Operation and Maintenance
The Workumerbuitenwaard project was not successful in reaching its objectives. As expected, the nourished sand remained permanently submerged after a short period of time. The fact that the sand bar was not protected by artificial structures led to erosion and stimulated sand transport. In this particular case, however, waves transported the sand westward into deeper water, instead of eastward to the coast. Part of the sand was transported by currents to the north, where it was deposited in shallow water. Shoreward transport turned out to be rather small.
The observed effects after construction are in more detailed described in the following sections:
- Monitoring data
- Effects future developments (rising water level)
Monitoring data combined with field observations from 1994, 1996 and 1998 show that there has been none or little sand transport in the direction of the coast. The deeper zone directly west of the bar, however, had become much shallower. The sand bar itself had lost height under the prevailing conditions between 1992 and 1998 (see figure).
Erosion of the sand bar occurred as predicted. However, the direction of transport was different from the expectation. Instead of moving towards the coast, the sand was transported in northern direction and to deeper areas in the west. This shows that steering of dynamic processes like sand transport is difficult and that specific knowledge is needed to predict this. However, on a larger scale the sand nourishment at Workumerbuitenwaard did contribute as it led to sedimentation at other places (e.g. ‘t Gaast) along the IJsselmeer coast. If the sand bar would have been placed higher on the shoreface and if sediment-trapping groynes would have been used, more sand might have ended at the intended locations.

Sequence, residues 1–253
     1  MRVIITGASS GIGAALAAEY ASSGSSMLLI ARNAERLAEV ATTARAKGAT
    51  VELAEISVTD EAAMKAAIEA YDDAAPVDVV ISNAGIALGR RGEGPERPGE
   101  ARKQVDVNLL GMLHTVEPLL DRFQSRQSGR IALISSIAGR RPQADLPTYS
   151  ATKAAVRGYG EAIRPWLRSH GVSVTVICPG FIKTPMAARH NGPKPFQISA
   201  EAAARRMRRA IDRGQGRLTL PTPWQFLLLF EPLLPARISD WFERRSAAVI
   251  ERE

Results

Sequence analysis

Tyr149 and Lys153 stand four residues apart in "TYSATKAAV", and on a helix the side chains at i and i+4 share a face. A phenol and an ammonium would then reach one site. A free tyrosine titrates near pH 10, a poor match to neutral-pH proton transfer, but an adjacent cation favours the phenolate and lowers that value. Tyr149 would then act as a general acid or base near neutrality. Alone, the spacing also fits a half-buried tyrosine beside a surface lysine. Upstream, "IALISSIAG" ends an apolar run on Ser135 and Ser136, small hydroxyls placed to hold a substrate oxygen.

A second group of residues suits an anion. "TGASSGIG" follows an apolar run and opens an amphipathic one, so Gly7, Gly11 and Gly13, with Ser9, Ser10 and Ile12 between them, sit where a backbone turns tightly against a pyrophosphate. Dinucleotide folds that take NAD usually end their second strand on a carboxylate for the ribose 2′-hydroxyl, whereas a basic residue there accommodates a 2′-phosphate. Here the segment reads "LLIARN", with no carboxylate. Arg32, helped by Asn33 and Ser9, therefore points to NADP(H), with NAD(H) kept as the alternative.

The sand nourishment has indirectly contributed to nature values, be it at other locations than intended. Nature and extent of the effects on specific habitat types, however, are less clear. The nourishment seems to have contributed to the development of aquatic plants in its direct surroundings, while the effects at the location of the nourishment itself seem to be very limited. The submerged sand bar hardly contributes to Natura2000 objectives for bird species. Yet, there is a positive effect on the occurrence of stonewort (green algae of the class Charophyceae) which contributes to both Natura 2000 and the EU Water Framework Directive.
4.Effects future developments (rising water level)
In case of rising water levels, the influence of waves and currents will increase. This can lead to further erosion of the remaining parts of the sand bar, which subsequently can lead to increased pressure on the coast.
The conclusion is that sand nourishments in this type of shallow lake environment do not automatically lead to shoreward transport and sediment supply to the coast. In this particular case, most of the sediment is being transported. Consequently, the sand nourishments at Workumerbuitenwaard did not result in shoreline accretion, nor in deposition on terrestrial areas.